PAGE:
"His hard-charging driving style has led to memorable moments that will live forever in the history of our sport. Carl’s passion and personality will greatly be missed – as will the signature backflips that NASCAR fans have come to expect following his victories. We wish Carl nothing but the best as he enters this next phase in life.”
Edwards appears at Phoenix test
Tuesday, 31 January 2017
RACER Staff / Image by LAT
Recently-retired Carl Edwards rejoined his former Joe Gibbs Racing team at Tuesday's Phoenix test to help his replacement, Daniel Suarez, settle in for his first drive in a Cup Series Camry.
"I felt like this track in particular I could help him with a little bit," Edwards, a two-time Phoenix winner, told NASCAR.com. "I really like this place. It's one of my favorite tracks. So this is a perfect place for me to come and try to give some advice. It's so much different standing on the truck watching the car go than being in the car. I guess you just have more time to think about all the things that could go wrong sitting up there. It's more stressful to me."
"It feels a little strange. The first couple of minutes of being around felt a little funny, but it's been fine, it's been pretty neat."
The 37-year-old (pictured during his final race at Homestead in November) walked away from the sport at the end of last year, prompting the team to elevate XFINITY Series champion Suarez to the top tier to take over the No.19 entry. Edwards said that his current intentions don't extend much beyond spending more time with his family, although he did not rule out working with JGR or Toyota Racing Development in the future.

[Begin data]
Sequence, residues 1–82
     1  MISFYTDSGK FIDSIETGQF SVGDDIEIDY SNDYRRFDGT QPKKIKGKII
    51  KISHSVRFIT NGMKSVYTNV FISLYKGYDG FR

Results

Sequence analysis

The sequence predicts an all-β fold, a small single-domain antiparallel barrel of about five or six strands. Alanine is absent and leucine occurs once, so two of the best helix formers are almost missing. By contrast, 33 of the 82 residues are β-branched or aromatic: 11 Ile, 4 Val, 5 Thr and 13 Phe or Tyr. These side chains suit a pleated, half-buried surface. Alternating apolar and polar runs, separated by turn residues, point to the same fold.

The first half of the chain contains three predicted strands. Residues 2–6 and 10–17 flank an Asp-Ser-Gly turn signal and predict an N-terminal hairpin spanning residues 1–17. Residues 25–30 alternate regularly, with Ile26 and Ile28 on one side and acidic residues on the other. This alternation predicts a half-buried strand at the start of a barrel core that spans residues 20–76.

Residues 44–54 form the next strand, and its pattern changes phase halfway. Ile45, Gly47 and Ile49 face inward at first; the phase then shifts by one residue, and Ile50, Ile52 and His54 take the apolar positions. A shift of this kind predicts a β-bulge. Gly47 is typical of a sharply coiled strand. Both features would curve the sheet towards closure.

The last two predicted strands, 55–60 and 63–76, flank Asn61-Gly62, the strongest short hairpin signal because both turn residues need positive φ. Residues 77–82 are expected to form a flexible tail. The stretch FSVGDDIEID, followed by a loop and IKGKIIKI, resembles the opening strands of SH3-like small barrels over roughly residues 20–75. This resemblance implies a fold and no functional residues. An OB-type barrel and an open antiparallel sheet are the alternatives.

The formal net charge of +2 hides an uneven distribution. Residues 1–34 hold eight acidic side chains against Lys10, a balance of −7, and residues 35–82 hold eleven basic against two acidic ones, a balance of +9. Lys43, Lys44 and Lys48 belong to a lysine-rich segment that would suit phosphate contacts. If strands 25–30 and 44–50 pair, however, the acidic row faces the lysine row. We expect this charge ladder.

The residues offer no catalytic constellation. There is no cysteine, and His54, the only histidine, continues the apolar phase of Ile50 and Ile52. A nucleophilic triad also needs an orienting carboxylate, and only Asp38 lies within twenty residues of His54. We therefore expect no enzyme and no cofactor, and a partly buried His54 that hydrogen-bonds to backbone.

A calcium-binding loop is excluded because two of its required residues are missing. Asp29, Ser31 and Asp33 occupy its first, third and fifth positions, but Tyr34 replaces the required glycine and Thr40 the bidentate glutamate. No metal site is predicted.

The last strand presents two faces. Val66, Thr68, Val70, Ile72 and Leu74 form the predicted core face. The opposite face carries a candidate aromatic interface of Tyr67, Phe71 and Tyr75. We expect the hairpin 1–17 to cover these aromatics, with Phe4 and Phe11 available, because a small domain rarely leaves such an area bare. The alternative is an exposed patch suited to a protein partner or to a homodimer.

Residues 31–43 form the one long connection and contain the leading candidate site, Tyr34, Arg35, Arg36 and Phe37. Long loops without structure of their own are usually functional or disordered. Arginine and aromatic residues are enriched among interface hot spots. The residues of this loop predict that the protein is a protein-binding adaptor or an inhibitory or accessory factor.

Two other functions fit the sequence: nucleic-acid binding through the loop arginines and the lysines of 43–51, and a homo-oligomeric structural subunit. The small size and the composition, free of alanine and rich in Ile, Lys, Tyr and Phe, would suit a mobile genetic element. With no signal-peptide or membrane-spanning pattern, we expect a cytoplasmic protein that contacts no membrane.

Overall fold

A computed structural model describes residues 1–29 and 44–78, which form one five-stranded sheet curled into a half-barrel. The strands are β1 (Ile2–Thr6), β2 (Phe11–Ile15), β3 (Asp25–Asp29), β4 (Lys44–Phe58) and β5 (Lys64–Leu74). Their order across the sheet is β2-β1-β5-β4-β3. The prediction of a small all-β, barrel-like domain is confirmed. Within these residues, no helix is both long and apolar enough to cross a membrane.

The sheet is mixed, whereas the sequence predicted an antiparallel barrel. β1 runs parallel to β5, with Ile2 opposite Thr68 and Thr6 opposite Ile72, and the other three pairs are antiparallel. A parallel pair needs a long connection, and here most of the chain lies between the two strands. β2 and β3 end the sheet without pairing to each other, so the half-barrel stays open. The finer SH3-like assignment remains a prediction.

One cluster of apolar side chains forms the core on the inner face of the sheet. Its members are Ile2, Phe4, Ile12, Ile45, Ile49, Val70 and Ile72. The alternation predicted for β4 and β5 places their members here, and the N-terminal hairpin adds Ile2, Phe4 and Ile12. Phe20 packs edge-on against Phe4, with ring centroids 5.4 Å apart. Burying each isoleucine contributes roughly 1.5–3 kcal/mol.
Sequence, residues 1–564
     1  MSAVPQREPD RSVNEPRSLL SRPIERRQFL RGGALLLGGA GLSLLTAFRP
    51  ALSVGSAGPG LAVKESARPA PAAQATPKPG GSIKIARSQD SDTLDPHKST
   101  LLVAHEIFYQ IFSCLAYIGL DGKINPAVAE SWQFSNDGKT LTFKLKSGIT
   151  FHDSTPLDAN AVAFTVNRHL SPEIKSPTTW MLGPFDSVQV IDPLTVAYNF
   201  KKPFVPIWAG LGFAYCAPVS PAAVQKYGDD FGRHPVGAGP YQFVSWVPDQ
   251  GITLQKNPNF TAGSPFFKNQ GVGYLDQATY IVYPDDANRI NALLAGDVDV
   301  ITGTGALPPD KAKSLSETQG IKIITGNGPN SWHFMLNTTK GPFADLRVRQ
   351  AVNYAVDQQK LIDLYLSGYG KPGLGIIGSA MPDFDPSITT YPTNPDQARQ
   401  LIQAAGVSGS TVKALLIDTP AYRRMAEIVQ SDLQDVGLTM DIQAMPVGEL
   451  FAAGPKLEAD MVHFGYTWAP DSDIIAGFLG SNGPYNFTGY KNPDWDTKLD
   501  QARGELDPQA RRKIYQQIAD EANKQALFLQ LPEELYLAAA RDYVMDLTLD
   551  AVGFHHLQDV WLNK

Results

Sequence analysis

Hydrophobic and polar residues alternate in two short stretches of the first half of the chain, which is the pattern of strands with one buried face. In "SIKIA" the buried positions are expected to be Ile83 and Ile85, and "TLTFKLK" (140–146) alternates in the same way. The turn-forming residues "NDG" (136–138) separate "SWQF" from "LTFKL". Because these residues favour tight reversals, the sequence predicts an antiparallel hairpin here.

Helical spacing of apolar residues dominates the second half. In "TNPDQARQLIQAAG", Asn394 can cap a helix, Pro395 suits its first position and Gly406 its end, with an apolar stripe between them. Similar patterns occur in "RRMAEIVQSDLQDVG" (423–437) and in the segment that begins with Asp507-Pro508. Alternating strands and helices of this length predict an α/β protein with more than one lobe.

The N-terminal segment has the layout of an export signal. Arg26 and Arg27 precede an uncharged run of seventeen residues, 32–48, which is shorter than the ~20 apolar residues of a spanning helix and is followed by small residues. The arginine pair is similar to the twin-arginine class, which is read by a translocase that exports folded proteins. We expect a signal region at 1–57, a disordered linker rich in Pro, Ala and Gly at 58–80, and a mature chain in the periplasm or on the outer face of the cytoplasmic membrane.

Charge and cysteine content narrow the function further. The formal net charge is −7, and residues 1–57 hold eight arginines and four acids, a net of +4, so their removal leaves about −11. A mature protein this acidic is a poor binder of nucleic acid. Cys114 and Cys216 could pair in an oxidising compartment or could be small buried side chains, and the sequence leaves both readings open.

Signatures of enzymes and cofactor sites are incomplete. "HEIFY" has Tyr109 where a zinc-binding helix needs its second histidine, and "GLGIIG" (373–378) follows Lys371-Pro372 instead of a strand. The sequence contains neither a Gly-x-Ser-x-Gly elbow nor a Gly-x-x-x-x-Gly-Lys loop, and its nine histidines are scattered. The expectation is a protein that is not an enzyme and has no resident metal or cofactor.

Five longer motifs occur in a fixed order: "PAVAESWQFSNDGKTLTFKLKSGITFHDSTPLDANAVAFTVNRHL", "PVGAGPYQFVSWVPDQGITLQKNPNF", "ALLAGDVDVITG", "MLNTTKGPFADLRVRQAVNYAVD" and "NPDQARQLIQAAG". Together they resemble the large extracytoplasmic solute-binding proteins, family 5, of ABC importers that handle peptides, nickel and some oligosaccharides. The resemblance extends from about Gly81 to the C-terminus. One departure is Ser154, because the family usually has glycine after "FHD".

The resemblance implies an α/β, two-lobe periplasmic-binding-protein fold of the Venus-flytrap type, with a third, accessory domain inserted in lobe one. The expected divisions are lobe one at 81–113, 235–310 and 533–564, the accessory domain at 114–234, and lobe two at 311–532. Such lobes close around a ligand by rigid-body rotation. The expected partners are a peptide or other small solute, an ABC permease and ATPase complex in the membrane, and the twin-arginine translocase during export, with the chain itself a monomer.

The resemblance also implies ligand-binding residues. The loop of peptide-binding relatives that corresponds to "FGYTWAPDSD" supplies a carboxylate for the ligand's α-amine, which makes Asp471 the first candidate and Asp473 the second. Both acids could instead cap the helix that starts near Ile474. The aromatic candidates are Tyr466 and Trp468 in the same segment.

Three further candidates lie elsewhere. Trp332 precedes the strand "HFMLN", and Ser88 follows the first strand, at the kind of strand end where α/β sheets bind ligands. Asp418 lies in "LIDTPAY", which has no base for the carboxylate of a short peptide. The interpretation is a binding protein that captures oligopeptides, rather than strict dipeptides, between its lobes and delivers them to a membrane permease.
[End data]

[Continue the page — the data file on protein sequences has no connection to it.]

"Maybe those things will happen," he said. "Right now just getting used to a new normal, just something a little different."
He also downplayed rumors that he is eyeing a move into politics; at least in the short-term.
"That whole thing blew up with the political thing quickly ... that went out of control," he said.
"The point is I don't ever rule out anything. I don't have any interest in politics for politics. I really do believe in America and I believe that if a person can help maintain the future opportunities for other people, like the opportunities that all of us have had, that's our duty as Americans.
"If that's something down the line that fits in, that I can do, that would be an endeavor that I would be real proud of. But I'm not putting together this campaign or something. Not right now."
Edwards earned 28 wins and 223 top 10s during his 13 years at NASCAR's top level, finishing runner-up in the championship twice (2008 and 2011).
Carl Edwards has his sights set on victory. | Chris Trotman/Getty Images
2016 Total earnings: $12.3 million
Like Stewart, Carl Edwards definitely made the most of his final season on the track. Aside from earning $1.3 million in endorsements, Edwards collected $11 million in salary and winnings, giving him $12.3 million in total earnings during the 2016 season. According to Forbes, Edwards turns in his keys having secured more than $130 million throughout his 13-year racing career.
03-10-2017 08:07 AM